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OUR NEIGHBOURING VILLAGES

grateley

Visit Grateley Village via Google Maps

 

Visit Grateley Village Website

Grateley lies just to the South of the pre-historic hillfort of Quarley Hill. The Parish covers 1551 acres with 607 people living in 250 dwellings.

The village has two shops, two pubs, a church, a primary school, a railway station, a small business park, a golf driving range, and is surrounded by farmland with ancient footpaths and droveways ideal for those who appreciate the English countryside.

Grateley has its roots firmly in agriculture; as are most of the villages in Hampshire. Farming has been the main source of income for parishioners for the past 2000 years, now like many other rural locations the reliance upon farming as a livelihood is slowly dying out to the extent nowadays that less than 10% of the village population rely upon agriculture as an occupation.

stockbridge

Visit Stockbridge via Google Maps

 

Visit Stockbridge Website

Stockbridge means, literally, a bridge over the river.  The river is shallow and divides here with five streams threading their way through the marshy meadows and under the main road. There were settlements on Stockbridge Down from at least the second millennium BC; within a short distance are the impressive earthworks at Danebury, Meon Hill and Woolbury. Two ancient roads meet and cross at Stockbridge, one running east to west between Winchester and Old Sarum, later Salisbury, and the other running north and south along the valley of the Test. The prosperity of Stockbridge has always stemmed largely from the roads which pass through it. The banks of the River Test which flows through Stockbridge are the best for trout fishing in Southern England. 

The town's wide main street has interesting shops and the many country inns are full of old world charm, the town hall, built c. 1810, has its clock in a turret.  One mile south is one of the few houses in England to be built of chalk and it was built and designed by Sir Edwin Lutyens.  There are plenty of walks over Stockbridge Down which is owned by the National Trust.  To find out more about Stockbridge visit their web site through the following link.

Bossington-houghton

Visit Houghton/Bossington via Google Maps

 

Visit Houghton/Bossington Website

Houghton is a small village in Hampshire, situated alongside the River Test, the 'Queen of Chalk Streams', roughly half way between Winchester and Salisbury. It is a village full of character and charm place, deep in the country, well-preserved without being manicured.

The architecture is mainly Hampshire rural vernacular, with some timber-frame and thatch, as well as much brick and slate. There are many llisted buildings in the village which include All Saints Church; the Old Rectory; Bossington Mill; and Houghton Lodge.  The village is mostly strung out along the single road through the village, which broadly follows the course of the River Test north-south. Houghton is dominated by large agricultural estates at each end, the Houghton Lodge estate to the north and the Bossington estate to the south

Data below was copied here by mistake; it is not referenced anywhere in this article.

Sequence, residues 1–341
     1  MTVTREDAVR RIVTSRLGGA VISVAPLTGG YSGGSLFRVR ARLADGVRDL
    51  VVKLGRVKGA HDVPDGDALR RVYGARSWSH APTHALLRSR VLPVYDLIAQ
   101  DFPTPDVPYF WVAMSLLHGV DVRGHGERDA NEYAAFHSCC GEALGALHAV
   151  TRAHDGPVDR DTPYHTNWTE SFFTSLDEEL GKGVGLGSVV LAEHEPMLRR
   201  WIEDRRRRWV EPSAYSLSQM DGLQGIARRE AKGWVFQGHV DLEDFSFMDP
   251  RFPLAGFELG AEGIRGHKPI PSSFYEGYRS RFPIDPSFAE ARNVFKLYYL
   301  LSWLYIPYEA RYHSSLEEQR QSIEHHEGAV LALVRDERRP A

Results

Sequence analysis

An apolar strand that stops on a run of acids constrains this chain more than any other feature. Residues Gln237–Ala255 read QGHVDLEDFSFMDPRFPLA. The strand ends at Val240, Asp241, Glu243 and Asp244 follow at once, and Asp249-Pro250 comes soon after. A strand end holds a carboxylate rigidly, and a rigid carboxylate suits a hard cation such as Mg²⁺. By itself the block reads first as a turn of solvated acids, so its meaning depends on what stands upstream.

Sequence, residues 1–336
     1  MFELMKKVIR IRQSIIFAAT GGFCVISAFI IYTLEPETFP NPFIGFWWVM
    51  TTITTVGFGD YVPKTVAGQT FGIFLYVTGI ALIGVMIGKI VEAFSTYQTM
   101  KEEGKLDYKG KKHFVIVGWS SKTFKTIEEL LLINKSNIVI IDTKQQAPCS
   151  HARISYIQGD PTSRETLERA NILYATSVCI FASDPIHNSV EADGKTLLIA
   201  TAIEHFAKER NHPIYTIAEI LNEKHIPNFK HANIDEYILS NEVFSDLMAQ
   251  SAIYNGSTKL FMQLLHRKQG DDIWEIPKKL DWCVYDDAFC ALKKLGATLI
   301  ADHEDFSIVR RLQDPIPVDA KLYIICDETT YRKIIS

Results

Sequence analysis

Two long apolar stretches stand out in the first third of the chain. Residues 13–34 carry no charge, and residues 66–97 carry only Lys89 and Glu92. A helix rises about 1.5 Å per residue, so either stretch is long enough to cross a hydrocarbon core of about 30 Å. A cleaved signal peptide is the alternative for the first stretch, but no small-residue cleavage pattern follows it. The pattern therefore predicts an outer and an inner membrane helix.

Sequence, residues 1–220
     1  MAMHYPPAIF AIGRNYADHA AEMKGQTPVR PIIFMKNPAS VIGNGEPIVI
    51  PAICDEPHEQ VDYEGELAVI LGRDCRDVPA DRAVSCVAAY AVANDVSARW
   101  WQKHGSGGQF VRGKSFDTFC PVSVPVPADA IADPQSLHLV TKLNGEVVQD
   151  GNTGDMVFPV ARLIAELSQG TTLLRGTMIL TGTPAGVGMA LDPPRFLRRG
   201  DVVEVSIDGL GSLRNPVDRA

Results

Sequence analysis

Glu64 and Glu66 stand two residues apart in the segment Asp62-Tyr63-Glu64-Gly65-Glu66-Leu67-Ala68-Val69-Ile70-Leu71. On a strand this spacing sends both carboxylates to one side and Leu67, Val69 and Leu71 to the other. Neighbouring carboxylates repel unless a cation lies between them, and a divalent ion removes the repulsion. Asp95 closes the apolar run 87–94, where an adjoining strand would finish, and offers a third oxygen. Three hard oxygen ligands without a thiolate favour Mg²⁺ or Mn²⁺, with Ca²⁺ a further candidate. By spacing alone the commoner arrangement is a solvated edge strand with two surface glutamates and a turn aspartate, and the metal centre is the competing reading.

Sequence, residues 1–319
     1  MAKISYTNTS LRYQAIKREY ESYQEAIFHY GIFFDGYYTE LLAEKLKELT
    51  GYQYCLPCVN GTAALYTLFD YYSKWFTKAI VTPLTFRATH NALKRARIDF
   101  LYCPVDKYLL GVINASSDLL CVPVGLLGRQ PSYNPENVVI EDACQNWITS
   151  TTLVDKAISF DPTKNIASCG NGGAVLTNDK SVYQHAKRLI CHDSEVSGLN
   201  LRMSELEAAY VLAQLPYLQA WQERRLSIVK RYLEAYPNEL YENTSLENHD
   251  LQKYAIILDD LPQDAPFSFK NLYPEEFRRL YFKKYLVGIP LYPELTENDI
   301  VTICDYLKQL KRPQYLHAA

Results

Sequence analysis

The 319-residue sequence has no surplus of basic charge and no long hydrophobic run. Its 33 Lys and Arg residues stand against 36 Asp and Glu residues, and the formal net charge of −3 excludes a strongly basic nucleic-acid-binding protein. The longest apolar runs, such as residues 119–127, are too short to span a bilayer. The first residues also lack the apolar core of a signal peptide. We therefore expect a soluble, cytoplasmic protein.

chilbolton-wherwell

Visit Chilbolton & Wherwell via Google Maps

 

Visit Chilbolton & Wherwell Website

At the heart of Wherwell lies the River Test , it is a pretty little village that still retains traces of a Saxon priory, some lovely old cottages and a church that even though it was rebuilt in Victorian times it still retains a lot of interest. The oldest treasure here being a Saxon cross.

In Chilbolton you will not only find the River Test flowing but remnants of a pre-historic trade and drove way called the Mark Way. The Mark Way started at the end of the Southampton waters. Here the water would have been low and easy for primitive boats to be loaded for their passage around the coast, this is where the River Test comes out, it is known that the Romans and the Vikings navigated the Test. The Mark Way was used up to Victorian times to move enormous herds of cattle and sheep across country.

broughton

Visit Broughton via Google Maps

Visit Broughton Website

Broughton lies in the heart of the Hampshire countryside midway between the medieval cities of Salisbury and  Winchester, and between the old market towns of Andover and Romsey.

The attractive village of Broughton lies in the centre of the parish, which is mainly agricultural; the Wallop Brook flows through the parish to join the River Test, and the stream runs parallel to the main street through the village.

gppdwprth-clatford

Visit Goodworth Clatford via Google Maps

The two Clatfords, Upper and Goodworth, are twin villages straddling the River Anton; although they share the same name (Clatford means 'the ford where the burdock grows'), the same school and same Rector, they are in most other respects quite different in character.

Goodworth, the smaller of the two Clatford, has also been known by the names of 'Lower' and 'Nether'.  The Anglo-Saxon derivation of Goodworth is believed to be 'Goda's enclosure', but little is know of Goda.


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